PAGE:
The Diminished Art of Letter Writing

Technology always offers trade-offs.  It is wondrous, still awesomely amazing that we can hear daily from loved ones on the other side of the globe.  Long-distance grand-parenting is palatable with a telephone and an online connection.  Mamas of soldiers are relieved each time the inbox holds a letter from their child. 

But!

We miss the archives, those bundles of letters wrapped in a ribbon, letters which have been read and re-read,  kissed and kept.  I have a dozen books of collections of letters on my shelf.  More precious yet, thanks to my brother Jim (the doctor, artist, travel expert, gentleman farmer, and the dear one who taught me how to tie my shoelaces-Happy Birthday, btw) who made copies of every letter, I have the correspondence of my mom to my dad during the three years they were separated by work circumstances. 

Now that I have just signed up for the 100-Species-Challenge, after I have been re-juiced about Fine Art Friday, am gaining some regularity in walking, in addition to adding a 40 hour work schedule for the next two weeks, and remembering my vow to finish my ironing pile, a most wonderful blogging idea has struck me brain:

Re-read my mom’s letters and quote excerpts on the blog.

I will fall in love all over again with the most marvelous woman I ever knew.

A mother of seven, functioning as a single mom, scraping the bottom of the barrel with a laugh on her lips, while her husband teaches at a college two hours away.  Some stuff simply amazes me:  I believe they owned about five junker cars with never more than two working at one time.  The letters report which car my dad would need to repair on his next trip home.  She was articulate and full of grace, and the anecdotes about the kids’ shenanigans are always related with wry humor.

Will it translate to today?  Will her words build up?  Will it make me cry?  Will it inspire me–to trust God more, to work harder, to laugh louder?  Will it be a gift to my grandchildren?  Will it make me thankful?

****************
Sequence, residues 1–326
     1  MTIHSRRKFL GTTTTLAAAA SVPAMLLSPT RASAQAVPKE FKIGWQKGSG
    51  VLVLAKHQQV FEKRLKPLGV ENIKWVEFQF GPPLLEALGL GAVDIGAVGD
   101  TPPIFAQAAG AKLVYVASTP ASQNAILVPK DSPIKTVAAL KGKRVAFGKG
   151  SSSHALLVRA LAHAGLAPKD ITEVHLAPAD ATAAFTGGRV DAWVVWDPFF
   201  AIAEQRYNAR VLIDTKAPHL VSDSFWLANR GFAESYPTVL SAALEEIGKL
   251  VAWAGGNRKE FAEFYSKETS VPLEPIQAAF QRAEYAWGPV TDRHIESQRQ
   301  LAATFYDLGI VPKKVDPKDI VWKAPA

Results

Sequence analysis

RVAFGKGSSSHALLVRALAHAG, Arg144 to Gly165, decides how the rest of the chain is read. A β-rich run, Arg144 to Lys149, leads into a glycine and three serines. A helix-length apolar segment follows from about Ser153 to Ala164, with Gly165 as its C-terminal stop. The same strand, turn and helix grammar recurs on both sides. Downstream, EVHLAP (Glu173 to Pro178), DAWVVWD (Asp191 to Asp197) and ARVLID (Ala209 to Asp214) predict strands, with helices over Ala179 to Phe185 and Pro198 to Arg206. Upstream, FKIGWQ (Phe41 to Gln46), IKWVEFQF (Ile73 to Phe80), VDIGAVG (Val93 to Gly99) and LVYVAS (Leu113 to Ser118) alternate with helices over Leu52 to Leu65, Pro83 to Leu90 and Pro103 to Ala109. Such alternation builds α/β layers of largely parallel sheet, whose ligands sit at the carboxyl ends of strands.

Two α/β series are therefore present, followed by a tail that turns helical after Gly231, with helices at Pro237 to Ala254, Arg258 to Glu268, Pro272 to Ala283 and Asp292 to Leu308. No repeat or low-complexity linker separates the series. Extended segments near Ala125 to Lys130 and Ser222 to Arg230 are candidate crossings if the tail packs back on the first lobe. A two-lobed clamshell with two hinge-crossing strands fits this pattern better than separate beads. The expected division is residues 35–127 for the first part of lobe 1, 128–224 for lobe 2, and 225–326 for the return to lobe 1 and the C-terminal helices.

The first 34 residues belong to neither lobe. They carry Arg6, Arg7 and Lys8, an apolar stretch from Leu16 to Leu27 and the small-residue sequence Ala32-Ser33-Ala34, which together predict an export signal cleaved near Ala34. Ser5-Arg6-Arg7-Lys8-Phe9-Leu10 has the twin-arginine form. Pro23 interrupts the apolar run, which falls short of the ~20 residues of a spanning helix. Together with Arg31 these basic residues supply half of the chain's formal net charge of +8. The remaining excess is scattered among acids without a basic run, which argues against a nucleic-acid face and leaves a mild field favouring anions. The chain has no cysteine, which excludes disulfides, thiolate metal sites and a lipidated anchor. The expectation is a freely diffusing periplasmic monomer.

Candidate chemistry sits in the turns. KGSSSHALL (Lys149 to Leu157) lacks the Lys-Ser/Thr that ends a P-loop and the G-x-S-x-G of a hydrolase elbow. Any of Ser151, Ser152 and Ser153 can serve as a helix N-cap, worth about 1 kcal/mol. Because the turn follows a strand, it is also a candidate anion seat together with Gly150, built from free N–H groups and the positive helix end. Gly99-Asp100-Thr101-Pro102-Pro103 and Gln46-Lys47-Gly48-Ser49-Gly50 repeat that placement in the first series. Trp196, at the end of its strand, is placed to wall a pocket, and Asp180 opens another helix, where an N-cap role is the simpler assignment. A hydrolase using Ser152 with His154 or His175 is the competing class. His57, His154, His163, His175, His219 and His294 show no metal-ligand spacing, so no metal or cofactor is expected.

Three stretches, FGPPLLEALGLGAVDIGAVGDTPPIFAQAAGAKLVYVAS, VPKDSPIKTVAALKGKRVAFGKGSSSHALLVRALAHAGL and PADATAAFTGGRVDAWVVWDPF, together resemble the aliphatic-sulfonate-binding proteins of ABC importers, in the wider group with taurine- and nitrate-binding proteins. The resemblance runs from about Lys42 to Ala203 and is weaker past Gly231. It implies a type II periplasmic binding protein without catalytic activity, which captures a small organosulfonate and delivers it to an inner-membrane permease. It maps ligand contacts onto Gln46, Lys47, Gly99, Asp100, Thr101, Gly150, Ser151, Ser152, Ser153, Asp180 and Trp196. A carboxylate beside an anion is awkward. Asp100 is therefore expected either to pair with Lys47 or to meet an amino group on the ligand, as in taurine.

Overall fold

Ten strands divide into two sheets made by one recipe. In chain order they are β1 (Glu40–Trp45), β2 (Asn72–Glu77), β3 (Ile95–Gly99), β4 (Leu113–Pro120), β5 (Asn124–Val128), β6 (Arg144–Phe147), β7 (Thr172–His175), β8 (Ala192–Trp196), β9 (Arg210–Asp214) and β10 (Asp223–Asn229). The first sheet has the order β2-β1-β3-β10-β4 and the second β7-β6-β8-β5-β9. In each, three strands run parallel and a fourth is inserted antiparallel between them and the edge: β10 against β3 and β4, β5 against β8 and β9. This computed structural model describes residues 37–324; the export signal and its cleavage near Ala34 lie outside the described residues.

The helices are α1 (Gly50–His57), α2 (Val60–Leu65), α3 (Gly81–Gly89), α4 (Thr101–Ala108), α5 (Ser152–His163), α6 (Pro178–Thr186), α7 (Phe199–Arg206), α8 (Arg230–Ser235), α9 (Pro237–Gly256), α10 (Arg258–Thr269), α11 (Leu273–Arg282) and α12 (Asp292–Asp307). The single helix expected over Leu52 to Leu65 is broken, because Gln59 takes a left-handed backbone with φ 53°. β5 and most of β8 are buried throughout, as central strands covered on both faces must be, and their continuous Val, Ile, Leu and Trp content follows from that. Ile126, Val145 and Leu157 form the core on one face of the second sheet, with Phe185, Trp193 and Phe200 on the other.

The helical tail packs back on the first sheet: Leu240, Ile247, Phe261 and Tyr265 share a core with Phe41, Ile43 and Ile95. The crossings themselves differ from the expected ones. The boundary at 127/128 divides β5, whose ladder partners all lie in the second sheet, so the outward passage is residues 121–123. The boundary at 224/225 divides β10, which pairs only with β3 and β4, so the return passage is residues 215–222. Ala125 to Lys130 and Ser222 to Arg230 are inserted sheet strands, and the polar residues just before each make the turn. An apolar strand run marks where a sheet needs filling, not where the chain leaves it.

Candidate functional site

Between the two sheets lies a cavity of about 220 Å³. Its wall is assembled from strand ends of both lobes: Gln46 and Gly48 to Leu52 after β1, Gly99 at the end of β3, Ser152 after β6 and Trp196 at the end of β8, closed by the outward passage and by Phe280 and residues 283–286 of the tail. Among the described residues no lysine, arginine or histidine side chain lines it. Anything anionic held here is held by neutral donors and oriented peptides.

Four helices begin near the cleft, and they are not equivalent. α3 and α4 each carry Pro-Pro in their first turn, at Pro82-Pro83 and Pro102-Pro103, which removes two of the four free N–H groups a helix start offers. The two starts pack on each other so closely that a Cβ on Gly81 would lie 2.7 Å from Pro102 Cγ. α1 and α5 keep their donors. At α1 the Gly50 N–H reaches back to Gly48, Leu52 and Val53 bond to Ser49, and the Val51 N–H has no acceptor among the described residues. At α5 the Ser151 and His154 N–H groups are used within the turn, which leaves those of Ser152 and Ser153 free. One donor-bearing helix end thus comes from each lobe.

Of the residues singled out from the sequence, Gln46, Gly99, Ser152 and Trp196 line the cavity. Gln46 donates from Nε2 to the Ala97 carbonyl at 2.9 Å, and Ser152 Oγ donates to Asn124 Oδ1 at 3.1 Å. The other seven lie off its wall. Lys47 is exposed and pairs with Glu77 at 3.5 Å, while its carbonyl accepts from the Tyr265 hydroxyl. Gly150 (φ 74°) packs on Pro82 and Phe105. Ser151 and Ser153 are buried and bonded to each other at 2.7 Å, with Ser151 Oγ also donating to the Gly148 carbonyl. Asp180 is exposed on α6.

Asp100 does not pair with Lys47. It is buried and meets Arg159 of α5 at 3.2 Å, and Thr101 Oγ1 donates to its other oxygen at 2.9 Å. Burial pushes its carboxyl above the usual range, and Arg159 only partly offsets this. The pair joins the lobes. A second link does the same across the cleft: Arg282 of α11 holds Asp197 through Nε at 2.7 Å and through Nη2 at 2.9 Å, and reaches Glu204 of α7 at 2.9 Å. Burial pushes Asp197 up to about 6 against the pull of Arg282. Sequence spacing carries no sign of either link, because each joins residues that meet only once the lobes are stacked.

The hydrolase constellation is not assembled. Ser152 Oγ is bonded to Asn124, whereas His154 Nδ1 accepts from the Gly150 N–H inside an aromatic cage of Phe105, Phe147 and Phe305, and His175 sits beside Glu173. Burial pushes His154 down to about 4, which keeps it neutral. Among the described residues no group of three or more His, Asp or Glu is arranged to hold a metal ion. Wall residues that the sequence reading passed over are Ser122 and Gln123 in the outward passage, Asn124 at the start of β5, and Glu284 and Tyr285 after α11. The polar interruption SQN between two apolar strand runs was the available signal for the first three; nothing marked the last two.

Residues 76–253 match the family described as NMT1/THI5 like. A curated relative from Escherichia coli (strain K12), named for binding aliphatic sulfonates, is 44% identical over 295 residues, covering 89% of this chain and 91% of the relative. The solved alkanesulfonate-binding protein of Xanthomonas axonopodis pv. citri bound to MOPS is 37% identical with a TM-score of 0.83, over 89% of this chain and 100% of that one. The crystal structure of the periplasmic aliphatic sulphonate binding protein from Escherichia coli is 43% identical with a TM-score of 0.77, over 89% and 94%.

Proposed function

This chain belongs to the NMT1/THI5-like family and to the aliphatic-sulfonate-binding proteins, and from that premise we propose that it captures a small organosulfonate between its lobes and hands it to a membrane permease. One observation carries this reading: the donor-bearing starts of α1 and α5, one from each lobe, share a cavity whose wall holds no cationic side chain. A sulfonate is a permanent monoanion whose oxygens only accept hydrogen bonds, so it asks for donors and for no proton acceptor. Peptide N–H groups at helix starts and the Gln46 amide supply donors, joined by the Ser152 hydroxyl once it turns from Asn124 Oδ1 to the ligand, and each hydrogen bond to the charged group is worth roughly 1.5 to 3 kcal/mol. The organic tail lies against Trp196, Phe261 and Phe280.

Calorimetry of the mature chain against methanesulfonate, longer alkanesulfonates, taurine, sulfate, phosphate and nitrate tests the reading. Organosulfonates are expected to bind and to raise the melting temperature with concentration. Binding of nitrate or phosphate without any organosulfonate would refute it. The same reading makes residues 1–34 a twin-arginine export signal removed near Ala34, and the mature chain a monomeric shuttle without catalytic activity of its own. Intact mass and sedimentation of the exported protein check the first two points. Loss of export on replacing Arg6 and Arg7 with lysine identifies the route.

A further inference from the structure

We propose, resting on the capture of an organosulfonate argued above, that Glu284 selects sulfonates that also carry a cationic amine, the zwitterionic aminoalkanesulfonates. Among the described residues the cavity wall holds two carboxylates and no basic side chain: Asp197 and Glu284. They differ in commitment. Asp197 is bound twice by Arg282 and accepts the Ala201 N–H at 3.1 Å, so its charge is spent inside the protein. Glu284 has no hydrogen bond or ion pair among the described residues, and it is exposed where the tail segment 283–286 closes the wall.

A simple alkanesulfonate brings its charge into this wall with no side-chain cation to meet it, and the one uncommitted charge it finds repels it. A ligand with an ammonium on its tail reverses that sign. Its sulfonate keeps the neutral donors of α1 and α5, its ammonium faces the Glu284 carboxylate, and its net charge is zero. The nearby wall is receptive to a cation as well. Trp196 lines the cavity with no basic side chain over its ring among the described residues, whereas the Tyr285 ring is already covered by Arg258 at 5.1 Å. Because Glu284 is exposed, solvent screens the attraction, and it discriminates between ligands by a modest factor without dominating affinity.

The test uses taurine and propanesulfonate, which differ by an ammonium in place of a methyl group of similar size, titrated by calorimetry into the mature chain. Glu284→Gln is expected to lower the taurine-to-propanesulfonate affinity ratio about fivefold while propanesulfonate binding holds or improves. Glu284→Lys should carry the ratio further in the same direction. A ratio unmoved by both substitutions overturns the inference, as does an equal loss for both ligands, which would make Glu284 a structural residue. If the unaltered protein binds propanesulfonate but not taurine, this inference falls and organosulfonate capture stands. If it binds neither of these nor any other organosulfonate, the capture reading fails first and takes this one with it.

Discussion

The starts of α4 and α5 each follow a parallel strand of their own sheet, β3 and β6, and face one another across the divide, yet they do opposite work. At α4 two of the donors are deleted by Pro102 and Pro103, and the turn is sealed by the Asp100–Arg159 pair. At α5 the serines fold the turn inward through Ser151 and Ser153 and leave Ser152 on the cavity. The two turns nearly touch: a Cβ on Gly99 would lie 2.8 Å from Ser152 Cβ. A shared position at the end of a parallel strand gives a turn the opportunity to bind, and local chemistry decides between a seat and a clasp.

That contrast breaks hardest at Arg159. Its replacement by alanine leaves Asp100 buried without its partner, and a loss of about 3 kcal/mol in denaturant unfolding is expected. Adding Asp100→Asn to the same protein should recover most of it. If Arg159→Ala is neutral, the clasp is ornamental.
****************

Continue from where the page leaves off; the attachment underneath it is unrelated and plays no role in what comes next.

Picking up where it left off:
A thousand times yes…

 

 

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9 thoughts on “The Diminished Art of Letter Writing

  1. I still write love letters. But, the only time Ill actually write to normal people is with cards for a bday, wedding, or xmas.I wish ppl would write more. Its much more intimate and personal…at least we save trees and limit trash buildup? (getting greener)

  2. I cannot think of a finer gift – than copies of letters from a parent or grandparent.  What a treasure.  Hope you will make copies for each of your sons :)You know what I am re-reading (in addition to the Declaration of Independence) this weekend?   hand-written replies to my wedding invitations… *special*…

  3. Wow!  What a gift!!  There are 8 children in my fathers family and while I’m fairly close to my grandmother of (nearing) 80, I know there won’t be much left to pass on to me.  So I asked her for one little thing.  A letter.  To me.  For after she’s gone.  I don’t know if she remembers but I pray she does.  Glad your getting organized!  I will keep you in prayer as you add things to your list.  I usually do really well and add and add away and feel great and then something happens, someone gets sick or school starts.  Then I feel totally overwhelmed with everything I’ve put on myself and go into a slight depression until my wonderful Lord and Savior reminds me that He is in control of my life and I only have need of leaning on Him for strength to get me through.  Anyway! God bless!  Kcaarin